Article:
NAIROBI -- Racked by violence and unrest and baked by equatorial sun, the long-troubled Horn of Africa is again in the news. Gripped by widespread drought, the region now finds itself facing the all-too-familiar specter of famine. Millions of people are directly at risk of starvation, and conditions continue to worsen.
Even in this drought-prone region the scale of this ongoing crisis is immense, threatening countries that have traditionally fallen outside of the drought belt. Chief among these is Kenya, a once-prosperous country and popular tourist destination known for years as the jewel of East Africa.
But Kenya's glory days are increasingly a thing of the past. With skyrocketing crime and poverty rates, Africa's jewel loses more of its shine each day.
Worse, Kenya -- traditionally a food exporter -- is facing a famine that directly threatens the lives of 3.4 million people, according to the World Food Program. Yet bordered as it is by Sudan, Ethiopia and Somalia -- names now almost synonymous with conflict and famine -- Kenya's plight has thus far been largely overshadowed by the turmoil that grips its neighbors.
But famine in Kenya is frighteningly real, particularly in the country's eastern and northern districts where little rain has fallen for two years. The maize and bean crops have failed, and livestock is beginning to die as grazing land for the animals withers. As the drought persists, the potential for conflict increases as pastoral people leave their traditional ranges in search of better pastures, thus encroaching upon neighboring groups in the increasing competition for shrinking resources.
The impact of this drought reaches as far south as Tanzania and seriously has affected even the typically productive farm areas around Kenya's Rift Valley. Thus far, 22 of the country's 53 districts are facing famine conditions. While some locally produced food is still available in markets across the country, these supplies are destined to run out as the drought drags on, posing an even more serious threat to the rural population that depends on these outlets.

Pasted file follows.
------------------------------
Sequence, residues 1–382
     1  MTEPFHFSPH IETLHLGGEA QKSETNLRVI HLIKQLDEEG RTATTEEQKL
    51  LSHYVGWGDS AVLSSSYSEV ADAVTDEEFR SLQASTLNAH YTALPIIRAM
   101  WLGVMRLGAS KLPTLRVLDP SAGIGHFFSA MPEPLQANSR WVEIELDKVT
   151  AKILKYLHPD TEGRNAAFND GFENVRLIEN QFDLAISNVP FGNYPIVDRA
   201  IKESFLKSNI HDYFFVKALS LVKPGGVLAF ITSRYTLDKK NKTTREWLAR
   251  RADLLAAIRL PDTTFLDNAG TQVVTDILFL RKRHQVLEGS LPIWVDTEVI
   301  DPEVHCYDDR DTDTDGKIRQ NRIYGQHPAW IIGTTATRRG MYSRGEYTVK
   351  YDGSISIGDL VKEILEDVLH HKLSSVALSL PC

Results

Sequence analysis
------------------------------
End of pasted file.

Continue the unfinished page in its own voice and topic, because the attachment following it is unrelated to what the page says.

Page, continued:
But the drought is having serious repercussions in urban areas as well.
Drastically reduced water levels have caused a critical shortage of hydro-electric power, upon which Kenya depends for more than 80 percent of its electricity. In response, the government has instituted a country-wide system of power rationing that leaves many in Nairobi and elsewhere without power for more than 12 hours each working day.
While these regular shortages are dramatically impacting both big industry and tourism, the most profound effects are being felt among small business owners, most of whom cannot afford generators to keep their businesses functioning during outages. For some, each day without business is a day without food.
With no rain in sight, power rationing is likely to continue until the dams fill up again, strangling the economy and pushing many small business owners closer to poverty. Crime, already at critical levels, is expected to increase as more Kenyans face unemployment.
The next harvest will not take place until February, and then only if the much-anticipated brief rains of October and November come. Aid agencies, many of which are already distributing thousands of tons of food aid in the worst hit areas, are gearing up for even wider-scale food distributions as those affected by he drought will certainly need assistance for many months to come.
Some help has begun to arrive. Fearing a worsening of the famine, the United States recently provided $539,000 to Catholic Relief Services for use in soil and water conservation programs in Kenya. The U.S. Agency for International Development has also slated more then $575 million for use in emergency operations across the Horn of Africa, money that will no doubt save many lives.
But the scale of the current famine is astonishing even for this troubled corner of the world. Ironically, on a continent plagued by poverty, civil war and natural disasters, it is Kenya's reputation as one of Africa's success stories that may now rise to haunt it.
Images many have of the glory days of Kenya's past are slow to fade, and some may be tragically slow to act because of it. Much now depends on how quick the world is to realize that the Kenya of fond memory is today faced with the same fate as its starving neighbors. The international community must shake the image of Kenya's relative prosperity and act accordingly -- before the jewel of East Africa disappears beneath the rubble of its own decay.
David Snyder works for Catholic Relief Services' Emergency Response Team. He is based in Nairobi, Kenya.